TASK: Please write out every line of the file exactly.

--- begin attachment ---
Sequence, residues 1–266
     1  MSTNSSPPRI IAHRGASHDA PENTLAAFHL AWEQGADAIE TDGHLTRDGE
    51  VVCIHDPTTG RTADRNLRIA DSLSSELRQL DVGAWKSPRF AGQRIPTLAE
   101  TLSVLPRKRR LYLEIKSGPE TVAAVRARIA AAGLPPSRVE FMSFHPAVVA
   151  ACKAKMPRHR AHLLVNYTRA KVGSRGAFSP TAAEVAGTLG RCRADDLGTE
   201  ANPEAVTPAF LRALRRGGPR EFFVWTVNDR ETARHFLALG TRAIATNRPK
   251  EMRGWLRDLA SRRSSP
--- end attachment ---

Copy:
Sequence, residues 1–266
     1  MSTNSSPPRI IAHRGASHDA PENTLAAFHL AWEQGADAIE TDGHLTRDGE
    51  VVCIHDPTTG RTADRNLRIA DSLSSELRQL DVGAWKSPRF AGQRIPTLAE
   101  TLSVLPRKRR LYLEIKSGPE TVAAVRARIA AAGLPPSRVE FMSFHPAVVA
   151  ACKAKMPRHR AHLLVNYTRA KVGSRGAFSP TAAEVAGTLG RCRADDLGTE
   201  ANPEAVTPAF LRALRRGGPR EFFVWTVNDR ETARHFLALG TRAIATNRPK
   251  EMRGWLRDLA SRRSSP